The Federal Government has been in contact with Indonesian officials and will send an Australian delegation there next week.

David Jones, who worked as an environmental lawyer for 10 years before moving to Kupang in West Timor, says he has started taking statements from local fishermen who claim their catch has been affected.

oil spill in the Gulf of Mexico...

In the Gulf of Mexico

Robotic submersibles are being used to try to stop a fast-flowing oil leak nearly a mile (1.5km) below the surface in the Gulf of Mexico.

Some 1,000 barrels (42,000 gallons) of oil a day are spewing from a damaged well, after a drilling rig exploded and sank off the Louisiana coast last week.

British oil company BP, which leased the rig, said the "first-of-its-kind" attempt would take 24 to 36 hours.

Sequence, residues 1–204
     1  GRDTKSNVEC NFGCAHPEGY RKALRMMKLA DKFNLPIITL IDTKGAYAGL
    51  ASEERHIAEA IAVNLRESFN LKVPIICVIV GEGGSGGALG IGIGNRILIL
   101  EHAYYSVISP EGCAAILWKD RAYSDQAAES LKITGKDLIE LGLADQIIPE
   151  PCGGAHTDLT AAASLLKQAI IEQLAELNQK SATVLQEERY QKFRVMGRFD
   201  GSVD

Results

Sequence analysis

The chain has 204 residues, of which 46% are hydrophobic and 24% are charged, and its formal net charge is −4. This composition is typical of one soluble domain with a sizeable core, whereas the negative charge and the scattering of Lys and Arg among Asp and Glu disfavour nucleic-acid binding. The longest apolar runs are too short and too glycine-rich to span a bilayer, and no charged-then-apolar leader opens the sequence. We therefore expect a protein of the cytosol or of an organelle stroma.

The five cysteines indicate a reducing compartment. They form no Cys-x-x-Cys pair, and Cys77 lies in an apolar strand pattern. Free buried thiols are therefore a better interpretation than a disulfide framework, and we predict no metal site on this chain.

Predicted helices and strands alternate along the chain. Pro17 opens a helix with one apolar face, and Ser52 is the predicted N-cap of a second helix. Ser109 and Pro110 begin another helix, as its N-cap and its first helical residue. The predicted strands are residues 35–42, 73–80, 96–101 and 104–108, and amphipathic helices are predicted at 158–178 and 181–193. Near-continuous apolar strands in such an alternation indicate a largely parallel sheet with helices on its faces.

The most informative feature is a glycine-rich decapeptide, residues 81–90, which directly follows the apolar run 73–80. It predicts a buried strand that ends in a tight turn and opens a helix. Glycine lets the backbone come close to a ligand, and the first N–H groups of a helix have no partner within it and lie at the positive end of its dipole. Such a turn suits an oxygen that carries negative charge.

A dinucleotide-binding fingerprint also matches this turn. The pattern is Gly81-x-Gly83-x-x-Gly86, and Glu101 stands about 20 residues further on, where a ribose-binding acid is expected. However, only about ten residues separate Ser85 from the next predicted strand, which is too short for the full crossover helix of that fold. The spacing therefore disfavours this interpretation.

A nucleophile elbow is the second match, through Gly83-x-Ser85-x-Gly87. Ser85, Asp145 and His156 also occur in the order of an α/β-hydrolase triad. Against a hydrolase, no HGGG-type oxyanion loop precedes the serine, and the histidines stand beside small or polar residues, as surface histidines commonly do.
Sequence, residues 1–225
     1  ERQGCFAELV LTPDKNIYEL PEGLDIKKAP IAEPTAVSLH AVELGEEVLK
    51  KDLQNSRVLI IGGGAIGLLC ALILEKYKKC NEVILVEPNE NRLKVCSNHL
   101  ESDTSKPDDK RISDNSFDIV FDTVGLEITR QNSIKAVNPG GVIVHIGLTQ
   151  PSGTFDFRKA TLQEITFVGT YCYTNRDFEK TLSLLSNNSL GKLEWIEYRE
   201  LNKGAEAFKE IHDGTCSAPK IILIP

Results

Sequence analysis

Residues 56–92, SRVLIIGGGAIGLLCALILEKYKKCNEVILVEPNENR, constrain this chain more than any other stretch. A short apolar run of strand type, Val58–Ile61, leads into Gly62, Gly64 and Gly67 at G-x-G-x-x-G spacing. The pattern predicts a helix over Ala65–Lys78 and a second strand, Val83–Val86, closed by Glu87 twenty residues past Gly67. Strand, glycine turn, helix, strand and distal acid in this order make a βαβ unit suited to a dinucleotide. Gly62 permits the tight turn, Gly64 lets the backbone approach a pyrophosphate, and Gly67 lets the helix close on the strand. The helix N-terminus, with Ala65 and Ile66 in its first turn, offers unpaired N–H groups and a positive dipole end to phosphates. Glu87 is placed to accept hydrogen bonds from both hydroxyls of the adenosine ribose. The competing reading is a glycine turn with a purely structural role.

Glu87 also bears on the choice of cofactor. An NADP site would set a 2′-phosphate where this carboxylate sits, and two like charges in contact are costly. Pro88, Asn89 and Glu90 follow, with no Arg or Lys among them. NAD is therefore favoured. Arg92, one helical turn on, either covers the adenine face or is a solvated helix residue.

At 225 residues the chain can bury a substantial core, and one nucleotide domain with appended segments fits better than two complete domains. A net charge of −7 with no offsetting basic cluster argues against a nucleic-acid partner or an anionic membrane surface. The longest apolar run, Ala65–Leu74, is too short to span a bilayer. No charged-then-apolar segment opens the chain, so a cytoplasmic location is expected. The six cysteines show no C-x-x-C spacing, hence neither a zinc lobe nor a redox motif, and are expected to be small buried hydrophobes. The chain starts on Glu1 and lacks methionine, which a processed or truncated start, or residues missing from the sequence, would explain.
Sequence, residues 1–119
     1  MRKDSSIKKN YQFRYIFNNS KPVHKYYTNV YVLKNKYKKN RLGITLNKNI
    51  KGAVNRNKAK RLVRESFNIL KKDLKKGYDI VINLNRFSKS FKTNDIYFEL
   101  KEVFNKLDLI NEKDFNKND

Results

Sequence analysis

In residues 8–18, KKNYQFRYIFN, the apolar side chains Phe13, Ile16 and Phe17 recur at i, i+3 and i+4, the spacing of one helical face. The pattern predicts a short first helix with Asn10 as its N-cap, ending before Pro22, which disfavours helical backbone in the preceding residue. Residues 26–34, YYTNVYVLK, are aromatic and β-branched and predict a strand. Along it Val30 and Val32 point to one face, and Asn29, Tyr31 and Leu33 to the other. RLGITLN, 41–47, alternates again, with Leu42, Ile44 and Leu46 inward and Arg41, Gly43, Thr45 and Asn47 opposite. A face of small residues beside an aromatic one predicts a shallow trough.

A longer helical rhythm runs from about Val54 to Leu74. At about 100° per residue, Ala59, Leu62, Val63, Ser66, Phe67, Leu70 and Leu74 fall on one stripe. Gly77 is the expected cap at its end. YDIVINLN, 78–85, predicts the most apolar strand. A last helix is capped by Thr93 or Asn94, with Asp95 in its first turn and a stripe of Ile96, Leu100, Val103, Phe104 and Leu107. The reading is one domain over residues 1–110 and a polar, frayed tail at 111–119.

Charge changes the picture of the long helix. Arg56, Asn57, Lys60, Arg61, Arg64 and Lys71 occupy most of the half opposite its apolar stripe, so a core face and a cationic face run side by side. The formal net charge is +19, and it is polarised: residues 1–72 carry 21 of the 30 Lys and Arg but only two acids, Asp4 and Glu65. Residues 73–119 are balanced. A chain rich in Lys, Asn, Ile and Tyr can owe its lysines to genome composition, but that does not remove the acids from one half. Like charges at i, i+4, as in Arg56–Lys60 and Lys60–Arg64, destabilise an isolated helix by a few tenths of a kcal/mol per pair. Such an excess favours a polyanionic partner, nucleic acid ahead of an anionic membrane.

There are fears of an environmental disaster if the mission fails.

Conservation experts say the oil leak has the potential to damage beaches, barrier islands and wetlands across the coastline.

For now, the weather conditions are keeping the oil away from the coastline and it is hoped the waves will break up the heavy crude oil, allowing it to harden and sink back to the ocean floor.

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oil spill in the timor sea...

 

A study has found that contamination from one of Australia's worst oil spills is still costing Indonesian fishing villages more than $1.5 billion per year.

The Montara oil platform was in Australia's exclusive economic zone, but when the well head blew out in August 2009, the slick drifted across the Timor Sea to Indonesia.

Now the the Centre for Energy and Environmental Studies in Jakarta has produced an interim report on the damage.

It has found the oil and chemical dispersants used are still affecting marine ecosystems and costing coastal communities more than $1.5 billion per year in lost earnings.